’Sister protests’: Lebanon, Iraq look to each other

Updated 11 November 2019

’Sister protests’: Lebanon, Iraq look to each other

BEIRUT: A Lebanese flag flutters in the protest-hit Iraqi capital. More than 900 kilometers (500 miles) away, a revolutionary Iraqi chant rings out from a bustling protest square in Beirut.
“Don’t trust the rumors, they’re a group of thieves,” sings a group of Lebanese musicians in Iraqi dialect, referring to political leaders they deem incompetent and corrupt.
“The identity is Lebanese,” they continue, reworking the chant by Iraqi preacher Ali Yusef Al-Karbalai, made popular during the street movement there.
Such recent shows of solidarity have become a common feature of protest squares in the two countries, where corruption, unemployment and appalling public services have fueled unprecedented street movements demanding the ouster of an entire political class.
They serve to “shed light on similarities between the two movements and boost morale,” said Farah Qadour, a Lebanese oud musician.
“The two streets are observing and learning from each other,” said the 26-year-old who is part of the group that adopted Al-Karbalai’s chant.
In Lebanon’s southern city of Nabatiyeh, hundreds brandishing Lebanese flags chanted: “From Iraq to Beirut, one revolution that never dies.”
And in the northern city of Tripoli, dubbed the “bride” of Lebanon’s protest movement, a man standing on a podium waved a wooden pole bearing the flags of the two countries.
“From Lebanon to Iraq, our pain is one, our right is one, and victory is near,” read a sign raised during another protest, outside Beirut’s state-run electricity company.
In Tahrir Square, the beating heart of Baghdad’s month-old protest movement, demonstrators are selling Lebanese flags alongside Iraqi ones.
They have hung some on the abandoned Turkish restaurant, turned by Iraqi demonstrators into a protest control tower.
Banners reading “from Beirut to Baghdad, one revolution against the corrupt” could be seen throughout.
Lebanon and Iraq are ranked among the most corrupt countries in the region by anti-graft watchdog Transparency International, with Iraq listed as the 12th most corrupt in the world.
Public debt levels in both countries are relatively high, with the rate in Lebanon exceeding 150 percent of gross domestic product (GDP).
“What’s happening on the streets in Iraq and Lebanon, they’re sister protests,” said Samah, a 28-year-old Lebanese demonstrator.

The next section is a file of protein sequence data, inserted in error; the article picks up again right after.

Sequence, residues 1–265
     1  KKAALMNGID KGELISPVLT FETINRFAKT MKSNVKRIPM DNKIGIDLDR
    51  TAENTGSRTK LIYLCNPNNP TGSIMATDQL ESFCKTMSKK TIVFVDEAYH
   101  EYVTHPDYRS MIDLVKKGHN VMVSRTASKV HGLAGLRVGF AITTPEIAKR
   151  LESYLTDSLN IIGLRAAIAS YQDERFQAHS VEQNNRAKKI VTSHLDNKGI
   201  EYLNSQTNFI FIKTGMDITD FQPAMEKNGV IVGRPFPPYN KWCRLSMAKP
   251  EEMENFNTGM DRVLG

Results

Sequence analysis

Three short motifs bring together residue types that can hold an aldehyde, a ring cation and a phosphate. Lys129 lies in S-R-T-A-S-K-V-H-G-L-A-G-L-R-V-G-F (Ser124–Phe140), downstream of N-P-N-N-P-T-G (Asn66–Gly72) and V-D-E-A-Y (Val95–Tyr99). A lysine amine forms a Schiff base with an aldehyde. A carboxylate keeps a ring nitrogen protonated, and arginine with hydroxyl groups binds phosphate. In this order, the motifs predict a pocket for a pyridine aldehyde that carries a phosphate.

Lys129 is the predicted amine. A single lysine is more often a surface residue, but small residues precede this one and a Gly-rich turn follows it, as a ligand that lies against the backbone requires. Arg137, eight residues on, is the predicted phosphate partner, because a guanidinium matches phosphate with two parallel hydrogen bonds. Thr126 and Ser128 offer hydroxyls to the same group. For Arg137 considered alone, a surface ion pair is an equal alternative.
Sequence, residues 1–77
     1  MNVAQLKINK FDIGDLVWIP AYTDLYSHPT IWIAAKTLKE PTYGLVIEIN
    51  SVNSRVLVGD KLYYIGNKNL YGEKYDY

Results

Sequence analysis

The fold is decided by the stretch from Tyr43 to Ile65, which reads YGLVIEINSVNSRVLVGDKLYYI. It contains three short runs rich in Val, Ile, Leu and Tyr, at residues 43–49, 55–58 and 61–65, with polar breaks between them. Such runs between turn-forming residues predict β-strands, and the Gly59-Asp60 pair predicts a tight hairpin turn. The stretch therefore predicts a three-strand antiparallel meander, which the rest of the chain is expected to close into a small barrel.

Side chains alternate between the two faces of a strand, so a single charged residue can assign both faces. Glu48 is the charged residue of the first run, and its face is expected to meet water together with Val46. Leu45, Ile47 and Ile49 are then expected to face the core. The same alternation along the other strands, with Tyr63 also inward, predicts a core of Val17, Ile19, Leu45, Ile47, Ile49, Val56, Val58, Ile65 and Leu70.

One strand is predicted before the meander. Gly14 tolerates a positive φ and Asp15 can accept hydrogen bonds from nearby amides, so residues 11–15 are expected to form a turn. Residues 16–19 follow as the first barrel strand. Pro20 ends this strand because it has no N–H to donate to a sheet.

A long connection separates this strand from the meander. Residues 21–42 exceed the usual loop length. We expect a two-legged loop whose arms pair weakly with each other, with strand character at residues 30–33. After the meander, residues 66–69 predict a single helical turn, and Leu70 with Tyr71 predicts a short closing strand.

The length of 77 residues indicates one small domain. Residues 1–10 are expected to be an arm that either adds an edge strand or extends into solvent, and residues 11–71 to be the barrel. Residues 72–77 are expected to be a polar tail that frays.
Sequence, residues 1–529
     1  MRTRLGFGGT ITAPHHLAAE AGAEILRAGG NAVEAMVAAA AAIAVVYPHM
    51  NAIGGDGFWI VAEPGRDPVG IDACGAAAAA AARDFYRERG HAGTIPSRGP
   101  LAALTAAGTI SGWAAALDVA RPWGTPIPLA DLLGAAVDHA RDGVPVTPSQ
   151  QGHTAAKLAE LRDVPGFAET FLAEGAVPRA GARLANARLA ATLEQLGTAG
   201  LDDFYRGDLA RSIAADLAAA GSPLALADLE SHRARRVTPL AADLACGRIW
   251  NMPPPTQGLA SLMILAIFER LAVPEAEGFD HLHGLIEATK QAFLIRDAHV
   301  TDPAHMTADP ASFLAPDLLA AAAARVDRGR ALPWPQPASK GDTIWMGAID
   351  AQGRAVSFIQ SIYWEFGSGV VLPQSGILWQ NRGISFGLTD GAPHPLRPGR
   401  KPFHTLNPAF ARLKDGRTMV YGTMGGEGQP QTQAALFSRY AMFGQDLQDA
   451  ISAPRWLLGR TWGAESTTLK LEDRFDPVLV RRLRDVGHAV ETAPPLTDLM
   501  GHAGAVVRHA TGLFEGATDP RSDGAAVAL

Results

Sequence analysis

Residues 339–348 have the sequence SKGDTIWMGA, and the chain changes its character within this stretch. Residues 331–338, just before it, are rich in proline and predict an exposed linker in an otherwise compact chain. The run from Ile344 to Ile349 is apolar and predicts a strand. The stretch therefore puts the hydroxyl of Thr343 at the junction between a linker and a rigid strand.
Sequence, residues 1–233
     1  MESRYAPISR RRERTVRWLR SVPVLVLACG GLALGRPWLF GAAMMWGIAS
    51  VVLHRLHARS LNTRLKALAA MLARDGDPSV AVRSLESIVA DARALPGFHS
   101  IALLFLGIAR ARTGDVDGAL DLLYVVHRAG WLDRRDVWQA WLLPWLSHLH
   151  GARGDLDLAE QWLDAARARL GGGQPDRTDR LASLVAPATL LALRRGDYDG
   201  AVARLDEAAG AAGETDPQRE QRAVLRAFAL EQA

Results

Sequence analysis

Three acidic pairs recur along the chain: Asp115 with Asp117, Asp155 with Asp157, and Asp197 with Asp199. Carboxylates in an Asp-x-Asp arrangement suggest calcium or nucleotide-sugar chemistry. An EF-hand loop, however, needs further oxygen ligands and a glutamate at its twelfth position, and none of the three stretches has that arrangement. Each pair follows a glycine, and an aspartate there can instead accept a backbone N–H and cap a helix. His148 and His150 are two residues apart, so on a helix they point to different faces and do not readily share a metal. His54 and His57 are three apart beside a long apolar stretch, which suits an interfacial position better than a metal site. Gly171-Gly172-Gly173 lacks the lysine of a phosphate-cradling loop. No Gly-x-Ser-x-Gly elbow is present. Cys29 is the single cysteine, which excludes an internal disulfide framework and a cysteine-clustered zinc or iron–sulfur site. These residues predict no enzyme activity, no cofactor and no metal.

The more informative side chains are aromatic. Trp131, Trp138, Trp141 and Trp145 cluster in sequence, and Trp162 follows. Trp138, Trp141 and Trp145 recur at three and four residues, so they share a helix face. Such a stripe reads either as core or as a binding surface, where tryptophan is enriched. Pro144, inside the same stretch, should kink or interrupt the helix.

“They’re the result of an accumulation” of years of problems.
One video that went viral on social media networks showed a masked Iraqi protester dressed in military fatigues demanding the resignation of Lebanese Foreign Minister Gebran Bassil, one of the main targets of protesters in the small Mediterranean country.
In a video released online, a group of young Iraqi men had filmed themselves singing, “Lebanon, we’re with you!“
The two movements also seem to be adopting similar protest strategies.
In both countries, rows of parked vehicles have blocked traffic along main thoroughfares in recent weeks.
University-aged demonstrators wearing medical masks or eye goggles have occupied bridges and flyovers, refusing to believe pledges of reform from both governments.
The big difference is that in Iraq, the demonstrations have turned deadly, with more than 300 people, mostly protesters but also including security forces, killed since the movement started October 1.
Lebanon’s street movement, which started on October 17, has been largely incident-free despite scuffles with security forces and counter-demonstrators rallying in support of established parties.
The two movements, however, are united in their anger about the kind of political system that prioritizes power-sharing between sects over good governance.
The consecutive governments born out of this system have been prone to deadlock and have failed to meet popular demands for better living conditions.
“We are united by a sense of patriotic duty in confronting this sectarian political system,” said Obeida, a 29-year-old protester from Tripoli.
He said he had high hopes for Iraqi protesters because the sectarian power-sharing system there is relatively new, having emerged after the fall of Saddam Hussein in 2003.
“In Lebanon, it’s more entrenched,” he said of the arrangement that ended the country’s 1975-1990 civil war.
On a Beirut waterfront, dotted with luxury restaurants and cafes, a 70-year-old Iraqi man who has been living in Lebanon for five years looked on as demonstrators laid out picnic blankets on the grass.
With a Lebanese flag wrapped around his neck, Fawzi said the protests looked different but reminded him of those back home.
“The goal is one,” he said.